Friday, August 31, 2012

Cost is too high

All actions come with costs. Elected officials and voters also act in ways that come with costs, ones we as voters might not fully understand or want to pay, and too often in ways that are penny-wise and pound-foolish.

Between 2010 and 2012, according to The New York Times, in the name of cutting taxes and deficits, House Republicans forced a reduction of 43 percent in the Federal Emergency Management Agency primary grants.

Those cuts mean $1.8 billion will not be available for evacuation equipment and supplies, communications gear that lets first responders speak to one another and training exercises.

Further, budget proposals by Congressman Paul Ryan, who is now the Republican nominee for vice president, could mean federal non-entitlement line items would be cut by more than half.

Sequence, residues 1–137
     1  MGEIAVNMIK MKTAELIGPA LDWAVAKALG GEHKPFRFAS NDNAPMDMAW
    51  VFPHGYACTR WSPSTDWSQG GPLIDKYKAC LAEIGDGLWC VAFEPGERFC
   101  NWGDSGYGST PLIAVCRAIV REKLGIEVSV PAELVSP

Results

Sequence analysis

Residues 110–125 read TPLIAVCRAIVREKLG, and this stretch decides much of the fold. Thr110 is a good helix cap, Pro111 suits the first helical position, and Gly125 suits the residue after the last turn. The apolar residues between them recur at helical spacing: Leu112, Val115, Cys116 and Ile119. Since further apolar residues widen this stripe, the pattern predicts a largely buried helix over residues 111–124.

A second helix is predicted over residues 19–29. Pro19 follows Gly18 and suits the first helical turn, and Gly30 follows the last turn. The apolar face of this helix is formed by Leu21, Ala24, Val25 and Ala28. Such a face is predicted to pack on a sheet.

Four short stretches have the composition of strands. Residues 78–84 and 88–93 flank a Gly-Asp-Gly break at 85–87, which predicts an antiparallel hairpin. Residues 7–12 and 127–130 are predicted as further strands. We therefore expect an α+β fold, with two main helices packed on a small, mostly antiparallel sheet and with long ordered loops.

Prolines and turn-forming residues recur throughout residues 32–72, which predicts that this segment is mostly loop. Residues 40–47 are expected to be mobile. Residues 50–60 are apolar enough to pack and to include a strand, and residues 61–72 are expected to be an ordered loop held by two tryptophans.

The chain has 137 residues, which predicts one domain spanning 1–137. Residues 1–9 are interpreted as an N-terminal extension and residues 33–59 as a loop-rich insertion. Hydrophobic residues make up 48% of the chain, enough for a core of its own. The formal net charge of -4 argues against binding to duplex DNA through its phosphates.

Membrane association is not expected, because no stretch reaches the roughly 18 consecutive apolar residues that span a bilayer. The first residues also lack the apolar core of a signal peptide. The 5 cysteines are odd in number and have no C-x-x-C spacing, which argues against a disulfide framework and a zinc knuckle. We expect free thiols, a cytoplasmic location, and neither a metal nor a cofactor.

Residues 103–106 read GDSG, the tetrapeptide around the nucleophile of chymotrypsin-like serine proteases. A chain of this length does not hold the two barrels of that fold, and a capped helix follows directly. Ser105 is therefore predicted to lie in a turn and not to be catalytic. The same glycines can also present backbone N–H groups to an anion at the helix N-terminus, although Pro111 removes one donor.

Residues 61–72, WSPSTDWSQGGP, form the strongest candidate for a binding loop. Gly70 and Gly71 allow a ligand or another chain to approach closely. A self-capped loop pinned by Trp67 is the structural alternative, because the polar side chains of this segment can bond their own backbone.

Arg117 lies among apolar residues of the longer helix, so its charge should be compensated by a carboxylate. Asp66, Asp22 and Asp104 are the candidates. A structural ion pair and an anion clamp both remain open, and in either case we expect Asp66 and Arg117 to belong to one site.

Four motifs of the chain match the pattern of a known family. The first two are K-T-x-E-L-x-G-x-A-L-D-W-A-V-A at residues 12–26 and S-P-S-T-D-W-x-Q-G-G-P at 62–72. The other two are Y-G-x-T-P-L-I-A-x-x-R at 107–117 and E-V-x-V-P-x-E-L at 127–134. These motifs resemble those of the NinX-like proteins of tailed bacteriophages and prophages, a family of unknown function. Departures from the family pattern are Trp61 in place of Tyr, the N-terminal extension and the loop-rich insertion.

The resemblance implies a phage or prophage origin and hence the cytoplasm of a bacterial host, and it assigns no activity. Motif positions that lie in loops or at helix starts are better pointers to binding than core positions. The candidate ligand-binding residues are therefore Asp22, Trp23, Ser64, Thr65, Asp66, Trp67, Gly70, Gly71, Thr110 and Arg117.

Of course, voters can pretend that budget cuts only result in lower taxes. But what help would be available for those affected by an Atlantic hurricane or an Idaho wildfire or a California earthquake if FEMA and the Forest Service have only half the resources they have now? 

The consequences of current government budget proposals are well beyond “cutting the fat.”

If lighting strikes and a fire breaks out, as happened locally five years ago with the Castle Rock Fire, will a Forest Service recording that says no one is available right now so please check the web page for further information about current fire suppression policies be enough when concerned citizens call for help?

As voters and taxpayers, it’s time we look at all the consequences and all the costs.

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